Articel describing new species from Donau and two new combinations has been accepted for publication in journal Nova Hedwigia

Mai 2018

„Metapochonia lutea, a new species isolated from the Danube river in Austria“

A new species Metapochonia lutea (Ascomycota, Hypocreales) is described and illustrated. This fungus differs from the other taxa in the genus Metapochonia by its production of intensive yellow pigment in culture, conidiophores with relatively complex verticillate branching, bean-shaped conidia, and by delayed development of one-celled and prominent thick-walled submerged chlamydospores usually in chains or irregular clusters of 3-5 cells. The new taxon is well supported by phylogenetic analysis of the internal transcribed spacer region (ITS) and translation elongation factor-1α gene (TEF-1α). Two new combinations are proposed for Pochonia parasitica and Pochonia cordycepisociata, as both species are resolved in a phylogenetic clade with other Metapochonia species.

Roman Labuda (1)*, Andreas Bernreiter (2), Christoph Schüller (1), Alena Kubátová (3), Roland Hellinger (4) & Joseph Strauss (2)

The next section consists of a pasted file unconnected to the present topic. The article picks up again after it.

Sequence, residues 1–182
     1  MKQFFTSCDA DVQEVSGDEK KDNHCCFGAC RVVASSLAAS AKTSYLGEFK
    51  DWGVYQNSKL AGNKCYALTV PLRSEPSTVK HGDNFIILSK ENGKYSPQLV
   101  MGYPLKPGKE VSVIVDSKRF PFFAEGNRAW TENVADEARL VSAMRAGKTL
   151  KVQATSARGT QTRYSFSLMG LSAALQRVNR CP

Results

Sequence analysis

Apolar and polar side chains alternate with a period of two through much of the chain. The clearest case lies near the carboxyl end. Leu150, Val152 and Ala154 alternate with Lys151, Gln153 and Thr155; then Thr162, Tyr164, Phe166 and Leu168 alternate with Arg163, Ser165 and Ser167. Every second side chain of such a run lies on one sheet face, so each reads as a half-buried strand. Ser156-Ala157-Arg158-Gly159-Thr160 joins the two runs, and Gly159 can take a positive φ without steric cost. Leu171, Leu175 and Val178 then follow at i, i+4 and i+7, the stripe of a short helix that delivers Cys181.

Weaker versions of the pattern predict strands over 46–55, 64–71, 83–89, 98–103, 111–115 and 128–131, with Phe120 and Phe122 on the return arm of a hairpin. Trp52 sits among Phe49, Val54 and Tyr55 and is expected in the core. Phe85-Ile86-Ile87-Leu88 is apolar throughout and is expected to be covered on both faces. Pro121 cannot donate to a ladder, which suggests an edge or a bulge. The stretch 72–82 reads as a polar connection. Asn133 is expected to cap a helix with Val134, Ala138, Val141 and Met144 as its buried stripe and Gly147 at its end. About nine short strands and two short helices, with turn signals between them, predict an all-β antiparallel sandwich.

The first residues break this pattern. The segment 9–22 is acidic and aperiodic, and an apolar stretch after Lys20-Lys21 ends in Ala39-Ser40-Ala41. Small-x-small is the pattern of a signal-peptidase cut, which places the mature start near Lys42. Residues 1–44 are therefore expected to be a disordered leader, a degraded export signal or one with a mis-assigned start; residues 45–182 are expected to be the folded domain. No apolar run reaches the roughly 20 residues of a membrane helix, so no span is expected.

1 University of Veterinary Medicine (VetMed), Bioactive Microbial Metabolites group (BiMM), University and Research Center (UFT) – Campus Tulln,
Konrad Lorenz Strasse 24, 3430 Tulln a.d. Donau, Austria
*Corresponding author. Email: roman.labuda@vetmeduni.ac.at
2 Department of Applied Genetics and Cell Biology, University of Natural Resources and Life Sciences, Vienna (BOKU); Konrad Lorenz Strasse 24, 3430 Tulln a.d. Donau, Austria
3 Charles University, Faculty of Science, Department of Botany, Culture Collection of Fungi (CCF),
Benátská 2, 128 01 Prague 2, Czech Republic
4 Department of Agrobiotechnology, Center for Analytical Chemistry, University of Natural Resources and Life Sciences, Vienna (BOKU); Konrad Lorenz Strasse 20, 3430 Tulln a.d. Donau, Austria


Flash Chromatography Machine installed at BiMM

March 2018

puriFlash 450 system

A State of the Art machine puriFlash 450 is in place from now on for our
large number of purifications.